The grey door tucked between a bike shop and sushi restaurant is easy to miss.
But the keen-eyed passerby who ducks inside the Whyte Avenue doorway and climbs the staircase will find themselves in the midst of shelves chock full of mysteries. Book cases winding around the room are dotted with labels like “Scandinavian,” “espionage,” “legal,” and “Sherlock Holmes.”
In a moment when Netflix is flooded with serial killer series and true crime podcasts abound, a brick and mortar bookstore specializing in mystery seems almost trendy.
But Kristy Hollingshead-Rumsey said that when she opened Blue Lamp Books in 2016. It was because she wanted a focus for her store, and tales of crime and intrigue are a “safe harbour” for her.
Popular interest in mystery isn’t anything new, and Hollingshead-Rumsey has the first-edition Agatha Christies and late 19th century copies of Strand Magazine to prove it.
But she does think there’s a renewed interest in the genre. She attributes some of that to recent translations that have made stories by international authors available in English for the first time, citing works from Germany, South Africa and across Scandinavia. And when a book series gets made into a television show, it buoys interest in the original texts.
She also suspects there’s an escapist element — a desire to see goodness prevail in the aftermath of evildoings.
“Yes there’s terrible, horrific things that happen, but in the end justice is done, and that I think helps people get through some difficult times,” she said.
“Sometimes people need that when there’s questionable things going on in the world.”
Hollingshead-Rumsey said when she fulfilled her dream of opening a bookstore in an era of Amazon, she wasn’t particularly apprehensive about the move.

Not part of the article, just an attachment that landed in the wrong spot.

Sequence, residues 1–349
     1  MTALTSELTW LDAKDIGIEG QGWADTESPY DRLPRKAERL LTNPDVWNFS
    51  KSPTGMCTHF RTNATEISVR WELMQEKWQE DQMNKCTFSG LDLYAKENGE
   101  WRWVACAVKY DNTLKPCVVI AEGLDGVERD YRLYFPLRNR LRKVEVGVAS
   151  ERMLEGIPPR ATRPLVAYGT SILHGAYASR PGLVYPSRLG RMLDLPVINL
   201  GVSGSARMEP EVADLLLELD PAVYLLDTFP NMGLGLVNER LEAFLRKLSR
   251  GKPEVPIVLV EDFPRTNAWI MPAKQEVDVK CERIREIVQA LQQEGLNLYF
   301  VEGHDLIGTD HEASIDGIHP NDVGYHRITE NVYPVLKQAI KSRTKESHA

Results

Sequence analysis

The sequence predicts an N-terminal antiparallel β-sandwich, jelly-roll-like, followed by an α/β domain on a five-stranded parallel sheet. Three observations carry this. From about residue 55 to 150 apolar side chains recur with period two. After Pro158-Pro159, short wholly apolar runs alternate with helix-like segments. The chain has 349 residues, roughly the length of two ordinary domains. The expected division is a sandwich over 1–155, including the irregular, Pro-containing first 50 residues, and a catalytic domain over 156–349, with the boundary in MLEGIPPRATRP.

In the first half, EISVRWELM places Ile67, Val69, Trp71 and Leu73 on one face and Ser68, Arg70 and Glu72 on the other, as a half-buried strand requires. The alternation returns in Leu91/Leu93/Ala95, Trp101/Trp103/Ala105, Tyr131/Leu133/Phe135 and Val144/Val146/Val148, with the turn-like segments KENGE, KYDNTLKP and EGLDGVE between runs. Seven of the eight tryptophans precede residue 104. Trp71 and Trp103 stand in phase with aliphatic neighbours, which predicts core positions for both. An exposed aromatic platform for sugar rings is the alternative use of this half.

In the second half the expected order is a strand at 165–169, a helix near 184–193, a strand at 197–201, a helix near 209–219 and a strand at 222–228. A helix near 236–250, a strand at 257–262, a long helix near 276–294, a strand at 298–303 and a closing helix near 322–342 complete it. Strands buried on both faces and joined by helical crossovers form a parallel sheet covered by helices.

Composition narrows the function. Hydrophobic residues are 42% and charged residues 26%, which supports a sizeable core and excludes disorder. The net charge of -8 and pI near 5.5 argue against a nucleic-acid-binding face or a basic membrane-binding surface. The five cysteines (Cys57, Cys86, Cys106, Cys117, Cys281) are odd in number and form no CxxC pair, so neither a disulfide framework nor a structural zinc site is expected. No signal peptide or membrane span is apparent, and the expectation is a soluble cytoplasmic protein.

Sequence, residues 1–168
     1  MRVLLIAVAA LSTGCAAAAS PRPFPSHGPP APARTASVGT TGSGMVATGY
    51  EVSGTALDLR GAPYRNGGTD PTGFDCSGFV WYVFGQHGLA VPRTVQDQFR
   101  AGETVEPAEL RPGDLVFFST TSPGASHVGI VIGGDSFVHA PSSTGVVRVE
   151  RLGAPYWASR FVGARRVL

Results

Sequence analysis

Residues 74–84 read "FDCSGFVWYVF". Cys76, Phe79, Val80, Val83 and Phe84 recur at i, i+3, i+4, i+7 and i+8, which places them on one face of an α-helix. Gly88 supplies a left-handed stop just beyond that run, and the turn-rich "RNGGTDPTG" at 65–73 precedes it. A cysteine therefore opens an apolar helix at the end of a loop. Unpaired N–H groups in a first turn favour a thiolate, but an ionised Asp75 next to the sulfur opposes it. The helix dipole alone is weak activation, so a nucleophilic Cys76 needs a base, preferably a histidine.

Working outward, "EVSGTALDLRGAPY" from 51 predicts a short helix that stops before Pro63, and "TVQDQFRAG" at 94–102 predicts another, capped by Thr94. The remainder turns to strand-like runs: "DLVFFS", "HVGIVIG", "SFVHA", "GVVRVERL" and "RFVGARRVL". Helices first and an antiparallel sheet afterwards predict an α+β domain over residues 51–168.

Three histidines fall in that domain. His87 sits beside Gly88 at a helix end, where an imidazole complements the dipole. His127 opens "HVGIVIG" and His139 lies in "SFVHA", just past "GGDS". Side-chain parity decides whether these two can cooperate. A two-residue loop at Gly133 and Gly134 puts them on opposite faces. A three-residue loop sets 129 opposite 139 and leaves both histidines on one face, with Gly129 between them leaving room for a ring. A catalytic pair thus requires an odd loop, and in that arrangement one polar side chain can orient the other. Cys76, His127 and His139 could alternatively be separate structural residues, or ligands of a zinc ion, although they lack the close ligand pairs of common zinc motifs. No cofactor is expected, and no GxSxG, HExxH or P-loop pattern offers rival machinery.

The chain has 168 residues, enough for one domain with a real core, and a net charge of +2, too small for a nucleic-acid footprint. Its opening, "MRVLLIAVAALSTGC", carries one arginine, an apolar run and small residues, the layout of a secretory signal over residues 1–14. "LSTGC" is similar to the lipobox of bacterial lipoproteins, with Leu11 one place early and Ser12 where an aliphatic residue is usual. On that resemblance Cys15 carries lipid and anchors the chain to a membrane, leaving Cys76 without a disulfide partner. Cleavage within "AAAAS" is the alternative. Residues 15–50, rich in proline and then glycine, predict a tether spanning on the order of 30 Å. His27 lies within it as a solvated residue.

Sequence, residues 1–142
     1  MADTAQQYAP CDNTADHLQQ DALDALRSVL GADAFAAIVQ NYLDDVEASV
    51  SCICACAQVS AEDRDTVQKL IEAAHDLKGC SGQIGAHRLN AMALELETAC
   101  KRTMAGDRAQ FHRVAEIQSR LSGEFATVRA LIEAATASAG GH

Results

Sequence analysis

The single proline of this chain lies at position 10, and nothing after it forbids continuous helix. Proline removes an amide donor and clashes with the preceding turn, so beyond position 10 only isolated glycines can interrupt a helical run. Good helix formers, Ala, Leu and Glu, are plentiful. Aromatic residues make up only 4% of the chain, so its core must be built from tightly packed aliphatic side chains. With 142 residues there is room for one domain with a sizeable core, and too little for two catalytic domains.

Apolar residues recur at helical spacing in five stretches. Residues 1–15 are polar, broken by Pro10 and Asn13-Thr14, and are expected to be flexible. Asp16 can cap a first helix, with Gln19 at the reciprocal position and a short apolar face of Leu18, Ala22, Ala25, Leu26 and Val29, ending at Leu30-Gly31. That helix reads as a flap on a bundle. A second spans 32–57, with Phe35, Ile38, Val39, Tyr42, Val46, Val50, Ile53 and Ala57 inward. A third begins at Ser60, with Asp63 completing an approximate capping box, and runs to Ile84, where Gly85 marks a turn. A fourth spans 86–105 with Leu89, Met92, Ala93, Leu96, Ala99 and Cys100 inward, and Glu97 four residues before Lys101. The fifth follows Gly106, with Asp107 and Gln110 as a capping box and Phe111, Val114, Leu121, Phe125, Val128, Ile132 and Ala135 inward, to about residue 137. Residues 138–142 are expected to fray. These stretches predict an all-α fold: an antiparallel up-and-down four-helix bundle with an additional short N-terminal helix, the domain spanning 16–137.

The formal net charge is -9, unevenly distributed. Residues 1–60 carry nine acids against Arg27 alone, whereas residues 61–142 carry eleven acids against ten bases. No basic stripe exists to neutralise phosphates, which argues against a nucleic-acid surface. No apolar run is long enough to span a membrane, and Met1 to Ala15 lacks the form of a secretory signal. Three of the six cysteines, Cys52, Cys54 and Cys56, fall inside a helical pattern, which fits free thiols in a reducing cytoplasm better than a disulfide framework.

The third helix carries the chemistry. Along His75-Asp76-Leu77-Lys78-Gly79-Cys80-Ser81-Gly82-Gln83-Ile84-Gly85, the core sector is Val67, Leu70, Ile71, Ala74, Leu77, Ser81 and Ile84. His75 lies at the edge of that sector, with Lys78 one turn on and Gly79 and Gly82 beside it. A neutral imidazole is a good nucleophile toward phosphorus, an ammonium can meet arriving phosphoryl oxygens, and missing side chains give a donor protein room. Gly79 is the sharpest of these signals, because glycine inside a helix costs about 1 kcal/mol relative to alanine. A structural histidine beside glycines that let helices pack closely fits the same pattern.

“I’d like to say that I was, and that I gave it a lot of thought, but no I just barrelled ahead,” she said.
She said the strength of a local bookshop is in the experience it offers: it’s a place for “book people” to meet, to exchange recommendations, and to form community.
Though she carries some new books, about 90 per cent of her stock is used. She likes to recommend books by local authors, but she has acquired much of her collection on her travels, picking up one or two titles at a time. Sometimes she’ll purchase a collection from someone who is downsizing, or from the estate of a mystery-lover who has since died.
Hollingshead-Rumsey has a passion for museums, and likes to treat her store like a gallery, interspersing curiosities with the books. A special stash of pulp fiction, with colourful and sometimes lurid cover art, is cheekily displayed in a closet, and a throne that her grandfather used to keep in his downtown photo studio found a home in one of the shop’s corners.
Her favourite part about running the shop is helping people who come in with lists of their favourites find new things to read, and she loves learning about new authors from her customers. Her personal favourite type of mystery is the classic British police procedural, but even she needs a pallet cleanser now and then, and so she turns to “cozies.”
“Those are kinder, gentler mysteries. They always say the murder takes place, the peril takes place, offstage, and then it’s simply the figuring out thereafter,” she said.
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